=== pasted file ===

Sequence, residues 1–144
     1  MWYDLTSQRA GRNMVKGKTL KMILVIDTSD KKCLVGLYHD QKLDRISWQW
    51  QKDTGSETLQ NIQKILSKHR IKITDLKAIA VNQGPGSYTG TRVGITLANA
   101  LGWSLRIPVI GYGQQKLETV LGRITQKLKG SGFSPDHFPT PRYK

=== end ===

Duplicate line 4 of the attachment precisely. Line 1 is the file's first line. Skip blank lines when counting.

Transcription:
   101  LGWSLRIPVI GYGQQKLETV LGRITQKLKG SGFSPDHFPT PRYK